Sam strides out of the room. He slams the door, leaving the demon that is not his brother to curse and growl and howl on the other side.
Sam doesn’t wait around to hear if it stops. His vision is swimming and his jaw aches from the rictus smile he's been holding; and he needs to get far away, fast, so that the thing in the dungeon doesn’t hear him break.
He makes it into his bedroom before it all gives way. When that happens, though, it’s absolute. His knees fold and he crumples awkwardly down onto the floor, landing heavily on his one good hand, the ridges of his spine knocking painful against the wall. He presses his forehead against his knees, grinds his eyes down into the bone until they’re dizzy with stars. And then he starts to cry.
When he was younger, Sam cried a lot. Not only when he was scared, or hopeless, or sad; but when he was angry, too, bursting into embarrassing tears at the height of a fight with Dad. He remembers them pouring down his face as he stumbled down that dark country road towards the bus stop the night he left home. He cried at Stanford, too, when he was anxious under the weight of essays and feeling like he shouldn’t be there. He was still a kid, back then.
He’d still been a kid when Jess burnt bloody on the ceiling; blinking back stinging, smoky drops as he climbed grimly into the car. He’d cried again, eighteen months later, when he had to shoot another beautiful, bubbly girl through the heart. But after Dean made his deal, Sam had had no choice but to toughen up; tamp it down, hide the tears, reel them back up and in when they threatened to fall.
There were a few lapses after that. When Dean died in a red mess of yelling and guts. When Lucifer came in the dark of the night and told Sam that there was no getting out of this, not for him. And when that turned out to be literally true: in the dirt of a field with blood on his shirt and one less bullet in his chamber, Sam had howled to find his jaw and his brain and his skull still stubbornly whole. But after that stint in the Cage… even with his mangled soul put back in and the wall knocked down, Sam found himself feeling grey and washed out inside. It felt like the decades of torture had wrung him dry: tugged out the material of his heart so thin that it could no longer hold water enough to weep.
Even both times Dean had died since then, Sam hadn’t really managed to cry. Nothing at all in the stark, shocking oil-slick Sucracorp mess; nothing for that whole mirage of a broken year. All of Amelia’s fretting and coaxing hadn’t been enough to help Sam prise himself open like that. Even again, more recently, with Dean’s body still warm in his arms, he’d been able only to twist out a few painful tears. Mostly, Sam’s grief had been dry, burning with hatred for himself and his brother and the sick familiarity of horrible loss.
But now, made weak with terror and a kind of relief, Sam sobs: hot and damp and snotty into the denim of his jeans. He knows this isn’t Dean; and he hopes, wishes, prays that soon, if he can just keep going, he can bring Dean back. All these weeks of searching, not sleeping, barely eating, and he’s oh so close. He should be happy, right now.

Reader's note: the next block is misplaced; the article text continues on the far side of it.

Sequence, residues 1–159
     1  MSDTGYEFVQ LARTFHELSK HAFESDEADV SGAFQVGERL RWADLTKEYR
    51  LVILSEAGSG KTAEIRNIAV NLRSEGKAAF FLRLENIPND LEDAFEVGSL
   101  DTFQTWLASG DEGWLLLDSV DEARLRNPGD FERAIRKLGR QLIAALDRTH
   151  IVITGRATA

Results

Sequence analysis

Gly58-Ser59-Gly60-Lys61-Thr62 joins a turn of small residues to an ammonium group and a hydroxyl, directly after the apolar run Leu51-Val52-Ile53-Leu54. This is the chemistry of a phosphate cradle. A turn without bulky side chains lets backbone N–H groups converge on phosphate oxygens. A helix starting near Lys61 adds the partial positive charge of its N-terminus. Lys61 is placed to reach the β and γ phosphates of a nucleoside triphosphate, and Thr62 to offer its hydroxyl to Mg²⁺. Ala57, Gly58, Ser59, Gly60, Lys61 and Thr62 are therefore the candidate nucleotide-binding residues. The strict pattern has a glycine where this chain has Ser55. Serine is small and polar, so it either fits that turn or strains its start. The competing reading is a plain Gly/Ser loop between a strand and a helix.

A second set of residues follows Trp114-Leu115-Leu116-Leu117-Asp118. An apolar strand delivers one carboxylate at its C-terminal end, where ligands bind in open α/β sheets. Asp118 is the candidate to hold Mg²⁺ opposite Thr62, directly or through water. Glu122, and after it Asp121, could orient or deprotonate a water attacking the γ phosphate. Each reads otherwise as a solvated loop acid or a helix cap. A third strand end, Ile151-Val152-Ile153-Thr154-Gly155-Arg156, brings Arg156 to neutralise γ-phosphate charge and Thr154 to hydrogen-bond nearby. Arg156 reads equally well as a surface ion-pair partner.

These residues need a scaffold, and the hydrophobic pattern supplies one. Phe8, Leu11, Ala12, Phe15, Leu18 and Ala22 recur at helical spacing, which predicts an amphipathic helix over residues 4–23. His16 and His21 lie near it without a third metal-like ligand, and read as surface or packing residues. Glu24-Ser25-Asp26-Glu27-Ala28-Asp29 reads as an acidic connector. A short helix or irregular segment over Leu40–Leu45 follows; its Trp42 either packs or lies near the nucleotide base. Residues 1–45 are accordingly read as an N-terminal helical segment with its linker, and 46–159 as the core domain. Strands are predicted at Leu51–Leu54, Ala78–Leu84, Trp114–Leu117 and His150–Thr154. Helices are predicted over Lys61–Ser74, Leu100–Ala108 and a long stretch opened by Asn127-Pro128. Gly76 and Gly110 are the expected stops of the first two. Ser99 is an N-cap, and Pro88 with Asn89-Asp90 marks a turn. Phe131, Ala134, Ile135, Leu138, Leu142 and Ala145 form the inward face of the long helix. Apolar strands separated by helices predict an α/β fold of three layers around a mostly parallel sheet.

But Dean knows how to hurt: and it’s not like the demon in his brother’s really treading new ground. The only difference is in how openly the words are said. Sure, Dean would never call him out, outright, for Mom’s death: for the loss of his four years’ family life. He wouldn’t ever tell Sam straight that he’s weighing him down. But he’d look it, and feel it, and show it; and it might spill out in a dark angry moment, or under the spell of the things they hunt.
And Sam can’t make it stop. He can’t stop Dean picking him up and manhandling him out of the fire, even when he’s desperate to throw himself into it and burn away. It’s never going to end. He can see, like an ache at the back of his mind, how things will go when Dean’s cured. “Hey, Sammy. You know I didn’t mean what I said. That was the Mark that was talking to you, right? Not me. Hey, Sammy. Let’s get back on the road.”
Back in the car with Dean at the wheel and the flames burning bright all around them, Dean’s hand twisted tight at his neck to haul him back off the coals. Dean looking at him with that peculiar, weighted, regretful love; like he’s determined to keep on carrying Sam with him despite his sins. It doesn’t matter what Sam does. He’s going to be Dean’s burden for the rest of his life.
But that’s just how it goes. So he cries himself out and pulls himself up, wipes off the tears with a rough cold flannel, and looks his reflection in the eye and practices his smile. And when he goes back into the room and finds the demon’s gone, he dutifully sets out to find it; brandishing Ruby’s blade before him and talking big words he doesn’t think he can fill. But as he stalks the bunker there’s a secret part of him half-hoping for the crunch of a blow through the back of his head. It won’t come, of course. What Dean’s going to do to him ain’t going to be mercy; remember? In this family, they don’t get to quit.